UK’s Upcoming Gambling Reform Continues to Attract Controversy

The UK government will likely unveil its new gambling reforms within days. The changes are motivated by the explosive growth of online betting and the increased threat of gambling addiction. Recent rumors about some suggestions getting removed from the white paper caused an uproar among anti-gambling campaigners.

Gambling Regulations in the UK Are in Dire Need of Reform

The UK’s gambling regulation has remained generally unchanged for the past 17 years and is now outdated and ill-equipped to tackle a modern gambling landscape dominated by online operators. The Department for Digital, Culture, Media, and Sport (DCMS) has spent the past two years devising updates to relevant laws to bring them in line with the present realities in the gambling landscape and help protect individuals vulnerable to addiction.

The proposed changes will cover land-based and online operators and require them to abide by additional guidelines. These include performing “non-intrusive” checks on clients to ensure that individuals do not suffer unsustainable losses. Further expected proposals include restrictions on promotional offers such as bonuses and free bets. Campaigners have called for a total ban on such practices, but a drastic move like this is unlikely to pass.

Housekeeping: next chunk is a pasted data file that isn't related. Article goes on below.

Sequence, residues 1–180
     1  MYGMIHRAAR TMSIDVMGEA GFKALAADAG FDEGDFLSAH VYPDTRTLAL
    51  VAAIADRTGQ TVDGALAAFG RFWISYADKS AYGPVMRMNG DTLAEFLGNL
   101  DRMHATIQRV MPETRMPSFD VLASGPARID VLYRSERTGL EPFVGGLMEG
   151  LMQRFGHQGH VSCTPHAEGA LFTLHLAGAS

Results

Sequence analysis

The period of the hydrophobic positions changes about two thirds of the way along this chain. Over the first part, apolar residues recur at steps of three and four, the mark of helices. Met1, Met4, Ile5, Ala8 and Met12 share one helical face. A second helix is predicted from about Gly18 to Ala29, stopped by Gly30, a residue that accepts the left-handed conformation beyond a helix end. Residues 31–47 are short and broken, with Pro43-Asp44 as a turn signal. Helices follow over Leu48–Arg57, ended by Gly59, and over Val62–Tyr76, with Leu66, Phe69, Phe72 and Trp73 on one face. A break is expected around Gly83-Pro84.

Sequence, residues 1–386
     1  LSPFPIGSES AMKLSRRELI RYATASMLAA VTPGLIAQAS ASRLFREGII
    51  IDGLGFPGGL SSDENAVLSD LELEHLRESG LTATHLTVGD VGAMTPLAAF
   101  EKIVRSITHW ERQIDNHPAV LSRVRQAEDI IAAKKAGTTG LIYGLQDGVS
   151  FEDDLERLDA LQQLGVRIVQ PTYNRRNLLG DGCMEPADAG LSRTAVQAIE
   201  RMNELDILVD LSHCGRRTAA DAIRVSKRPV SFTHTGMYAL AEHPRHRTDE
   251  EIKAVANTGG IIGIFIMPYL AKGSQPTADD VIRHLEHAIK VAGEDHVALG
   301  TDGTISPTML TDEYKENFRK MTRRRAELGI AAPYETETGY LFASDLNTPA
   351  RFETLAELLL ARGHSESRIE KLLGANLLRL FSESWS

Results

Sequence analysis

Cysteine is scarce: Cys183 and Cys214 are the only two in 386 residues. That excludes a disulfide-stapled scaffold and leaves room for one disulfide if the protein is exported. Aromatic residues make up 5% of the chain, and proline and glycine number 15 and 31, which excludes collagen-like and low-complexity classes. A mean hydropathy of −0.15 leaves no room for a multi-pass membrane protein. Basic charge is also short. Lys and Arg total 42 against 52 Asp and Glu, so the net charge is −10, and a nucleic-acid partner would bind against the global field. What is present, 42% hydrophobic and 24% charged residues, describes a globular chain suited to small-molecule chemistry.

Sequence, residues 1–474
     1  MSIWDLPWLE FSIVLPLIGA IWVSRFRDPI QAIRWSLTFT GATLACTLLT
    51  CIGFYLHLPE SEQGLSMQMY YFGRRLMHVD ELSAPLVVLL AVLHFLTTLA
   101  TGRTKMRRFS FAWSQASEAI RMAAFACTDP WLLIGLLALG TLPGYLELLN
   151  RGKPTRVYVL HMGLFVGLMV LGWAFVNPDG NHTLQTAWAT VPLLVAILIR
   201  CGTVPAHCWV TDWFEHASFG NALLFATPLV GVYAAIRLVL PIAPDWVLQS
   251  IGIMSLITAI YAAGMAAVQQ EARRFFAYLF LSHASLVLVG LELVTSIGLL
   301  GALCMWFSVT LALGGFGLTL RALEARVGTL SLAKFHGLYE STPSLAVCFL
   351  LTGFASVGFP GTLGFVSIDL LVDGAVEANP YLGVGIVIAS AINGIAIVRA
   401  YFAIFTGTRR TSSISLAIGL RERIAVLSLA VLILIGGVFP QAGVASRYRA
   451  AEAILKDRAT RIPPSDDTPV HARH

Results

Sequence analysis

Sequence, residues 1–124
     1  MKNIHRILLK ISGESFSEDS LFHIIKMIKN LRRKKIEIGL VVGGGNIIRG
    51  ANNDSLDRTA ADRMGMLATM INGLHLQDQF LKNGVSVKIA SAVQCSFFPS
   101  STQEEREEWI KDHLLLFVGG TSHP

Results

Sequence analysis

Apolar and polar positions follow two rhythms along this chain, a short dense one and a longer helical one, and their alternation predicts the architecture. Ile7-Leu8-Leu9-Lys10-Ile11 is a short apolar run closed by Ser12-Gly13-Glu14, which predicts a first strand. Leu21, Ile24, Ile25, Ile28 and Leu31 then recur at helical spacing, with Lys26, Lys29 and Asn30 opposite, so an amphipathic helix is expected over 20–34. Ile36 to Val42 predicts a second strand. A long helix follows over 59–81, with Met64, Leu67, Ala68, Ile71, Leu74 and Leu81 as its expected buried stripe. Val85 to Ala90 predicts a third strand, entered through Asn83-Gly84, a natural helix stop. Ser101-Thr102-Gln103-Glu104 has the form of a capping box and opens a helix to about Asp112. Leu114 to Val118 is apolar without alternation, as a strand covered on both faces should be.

Some proposed changes aim to help land-based establishments remain competitive with their online counterparts. Stakes for online casino games and slots will have set limits between £2 and £5 – the same as with physical machines. Street casinos will also be allowed to hold 80 gaming machines, up from 20.

The Government Got Accused of Watering Down Several Key Proposals

Several controversial proposals have been causing tensions since their initial announcement. The first is the plan to ban gambling operators from putting their logos on the shirts of Premier League football teams. At the end of March, twenty Twenty English Football League (EFL) and non-league soccer clubs signed a letter supporting a total sponsorship ban on moral grounds. This idea appears to have dropped, and the government is now negotiating with the clubs to have them voluntarily opt-out of gambling sponsorships. Officials stated that if they do not reach an agreement with clubs, legislative measures remain an option.

The other idea to reportedly not make it into the final version of the paper is a mandatory levy on operator profits. The extra funds would have funded initiatives related to the research and treatment of addiction. The potential exclusion of this measure from the white paper caused outcries of lobbyism and provoked an angry retort by officials who called campaigners “ small but noisy.” Operators will likely instead be encouraged to opt into such initiatives of their own volition. 

The UK government is walking a thin line with its upcoming policy changes. If they push too hard, consumers may turn to the black market and use dangerous unregulated operators. If the new measures are too lax, they will fail at achieving the main reason for their existence- protecting the millions of people who regularly engage in gambling from harm.

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